As I continue to recover from my crash and surgery, it makes me feel somewhat better about the situation if I can pull from my own experiences to share some insights that might be of use to readers who may suffer a similar injury, or at some point be going through a situation not unlike what many of us face from time to time in coming back from an injury or layoff.
One thing I didn’t want to happen after this injury and surgery was to allow myself to get severely out of shape. It helped as a motivating factor to have my “big summer ride” – the Tour de Wyoming – looming in the not-so-distant future (mid-July). It’s a multi-day tour with some serious climbing, and unless I put in the effort on the trainer, starting as soon as possible after my surgery, I would really haveno shot at being ready for the ride.
Coach John Hughes graciously put together a training plan for me to follow to step-by-step work my way back into form. (See his accompanying article.) I started the plan in earnest 10 days after surgery, just a couple days after being officially cleared to ride the trainer. Yes, I was champing at the bit to get going, but I just didn’t feel up to it till a couple days after getting the official OK.
In a past Question of the Week about off-season training, I remember answering with the choice that read something like: “I’d rather have a root canal than ride the trainer!” I really despise it and try to avoid it at all costs. But now I’m more than happy to be back on the “nowhere machine” pedaling away, knowing full well that it’s my only – and best – way to rekindle the fire and the form I was building into right before my crash.
Flexibility is Vital
In his accompanying article about training plans in coming back from any injury, crash or long layoff, Coach Hughes lays out a number of common-sense principles and guidelines to follow to help avoid any relapse or new injury.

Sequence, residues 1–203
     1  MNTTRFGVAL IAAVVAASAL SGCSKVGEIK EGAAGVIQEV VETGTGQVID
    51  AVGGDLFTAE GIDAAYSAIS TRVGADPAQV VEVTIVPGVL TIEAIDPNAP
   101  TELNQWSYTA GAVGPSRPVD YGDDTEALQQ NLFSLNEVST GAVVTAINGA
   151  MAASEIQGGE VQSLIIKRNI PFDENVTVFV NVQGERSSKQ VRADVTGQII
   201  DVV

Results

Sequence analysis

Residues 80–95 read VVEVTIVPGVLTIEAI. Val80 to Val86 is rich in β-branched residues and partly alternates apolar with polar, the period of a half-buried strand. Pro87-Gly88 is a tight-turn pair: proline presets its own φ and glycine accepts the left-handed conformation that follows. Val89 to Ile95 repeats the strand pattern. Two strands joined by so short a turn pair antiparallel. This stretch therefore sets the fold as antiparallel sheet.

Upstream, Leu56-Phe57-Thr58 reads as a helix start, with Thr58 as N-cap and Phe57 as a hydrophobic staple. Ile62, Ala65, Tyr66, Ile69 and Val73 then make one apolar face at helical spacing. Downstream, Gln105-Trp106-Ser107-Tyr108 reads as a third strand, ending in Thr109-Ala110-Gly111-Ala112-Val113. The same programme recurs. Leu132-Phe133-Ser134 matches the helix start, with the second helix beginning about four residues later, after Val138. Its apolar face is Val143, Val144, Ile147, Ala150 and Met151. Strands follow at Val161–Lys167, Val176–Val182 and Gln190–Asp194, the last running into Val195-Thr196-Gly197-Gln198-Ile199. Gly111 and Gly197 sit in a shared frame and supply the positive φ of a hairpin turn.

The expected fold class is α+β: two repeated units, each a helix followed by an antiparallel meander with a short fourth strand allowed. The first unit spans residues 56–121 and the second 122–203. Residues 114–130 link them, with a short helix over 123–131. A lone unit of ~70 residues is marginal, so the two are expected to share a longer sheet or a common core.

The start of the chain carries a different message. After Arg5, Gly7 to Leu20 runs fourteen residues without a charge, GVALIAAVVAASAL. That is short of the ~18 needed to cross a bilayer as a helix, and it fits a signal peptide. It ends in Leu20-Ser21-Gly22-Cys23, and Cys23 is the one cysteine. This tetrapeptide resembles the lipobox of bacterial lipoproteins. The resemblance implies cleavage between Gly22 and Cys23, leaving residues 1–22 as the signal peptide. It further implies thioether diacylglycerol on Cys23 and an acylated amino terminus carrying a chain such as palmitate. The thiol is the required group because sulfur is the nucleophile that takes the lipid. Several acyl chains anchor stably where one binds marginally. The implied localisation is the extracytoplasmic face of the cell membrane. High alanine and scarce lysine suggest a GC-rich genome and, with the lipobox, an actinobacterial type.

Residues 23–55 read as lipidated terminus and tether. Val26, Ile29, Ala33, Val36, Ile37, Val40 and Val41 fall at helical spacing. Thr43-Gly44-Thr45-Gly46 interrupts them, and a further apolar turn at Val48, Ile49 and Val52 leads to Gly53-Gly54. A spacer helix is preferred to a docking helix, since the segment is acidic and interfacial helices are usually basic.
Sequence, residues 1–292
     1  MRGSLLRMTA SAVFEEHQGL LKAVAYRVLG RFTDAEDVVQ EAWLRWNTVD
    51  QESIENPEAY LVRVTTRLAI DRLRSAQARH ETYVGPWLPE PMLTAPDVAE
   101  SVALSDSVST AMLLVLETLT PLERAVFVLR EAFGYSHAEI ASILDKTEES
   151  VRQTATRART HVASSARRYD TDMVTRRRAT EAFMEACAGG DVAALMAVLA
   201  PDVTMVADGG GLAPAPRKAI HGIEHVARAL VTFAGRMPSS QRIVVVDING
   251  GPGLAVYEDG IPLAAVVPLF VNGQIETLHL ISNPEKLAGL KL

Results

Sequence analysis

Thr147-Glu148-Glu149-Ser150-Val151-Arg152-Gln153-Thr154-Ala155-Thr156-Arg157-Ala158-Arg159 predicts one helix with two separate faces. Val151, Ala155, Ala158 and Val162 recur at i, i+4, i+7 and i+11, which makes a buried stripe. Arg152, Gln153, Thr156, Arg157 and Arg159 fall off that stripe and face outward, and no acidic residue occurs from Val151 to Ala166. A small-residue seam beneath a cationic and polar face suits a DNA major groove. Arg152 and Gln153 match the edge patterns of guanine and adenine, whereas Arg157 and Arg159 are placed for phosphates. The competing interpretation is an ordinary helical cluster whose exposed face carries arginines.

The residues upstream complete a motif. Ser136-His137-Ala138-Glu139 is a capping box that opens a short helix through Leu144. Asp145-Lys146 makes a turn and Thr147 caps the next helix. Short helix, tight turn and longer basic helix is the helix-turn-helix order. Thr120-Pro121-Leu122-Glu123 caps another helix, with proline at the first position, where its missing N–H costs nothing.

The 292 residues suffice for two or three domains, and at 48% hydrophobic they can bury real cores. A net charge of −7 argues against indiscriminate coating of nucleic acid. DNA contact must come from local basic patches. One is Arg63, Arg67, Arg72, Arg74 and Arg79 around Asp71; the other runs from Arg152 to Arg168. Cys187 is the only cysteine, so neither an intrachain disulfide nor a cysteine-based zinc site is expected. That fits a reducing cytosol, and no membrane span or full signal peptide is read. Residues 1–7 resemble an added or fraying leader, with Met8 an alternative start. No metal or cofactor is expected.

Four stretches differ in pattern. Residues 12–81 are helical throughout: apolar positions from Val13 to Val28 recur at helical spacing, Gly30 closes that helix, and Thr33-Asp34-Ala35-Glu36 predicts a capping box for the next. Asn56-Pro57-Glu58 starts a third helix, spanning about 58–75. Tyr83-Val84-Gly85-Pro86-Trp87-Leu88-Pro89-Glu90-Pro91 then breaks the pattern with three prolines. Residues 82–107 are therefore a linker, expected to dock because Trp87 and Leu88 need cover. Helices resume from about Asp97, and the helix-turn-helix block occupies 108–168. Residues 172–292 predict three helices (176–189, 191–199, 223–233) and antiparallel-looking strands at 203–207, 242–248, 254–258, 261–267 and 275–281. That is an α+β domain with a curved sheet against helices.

To his list of sage advice, I would like to add one more rule of thumb: Be flexible! There may be activities or exercises you would like to do, or your coach prescribes, that simply aren’t doable. Don’t fret, though. Just do what you can, and work around what you can’t.
One thing I realized early on in attempting to follow Coach Hughes’ plan to a T is that I really couldn’t do almost all of the stretching and core exercises he had prescribed, because they require bracing with both arms and rotating the shoulders to achieve certain body positions – neither of which are functionally possible, or allowed by my doctor, as I’m in a sling full-time until at least May 31.
Instead of those execercises, I have chosen to walk more, often twice a day. I typically take my dog for a walk every day anyway, so doing 2-a-days was a practical and easy way to add some useful exercise. I’ve always found walking to be a great adjunct (active recovery) to cycling in terms of loosening tight legs, etc.
Coach Hughes was likewise flexible in taking my feedback and adjusting the plan to cut the things I couldn’t do and emphasize those I can.
Adjust On the Trainer as Needed
It’s also important, when recovering on the trainer from a shoulder injury, to keep in mind that you might not be able to ride in a normal position. Again, in my case, I’m forced to sit upright nearly the entire time (see photo), only resting my right hand on the top of the bar for brief intervals to take a bit of pressure off my butt. But I’m not able to hold that position for long with just one arm.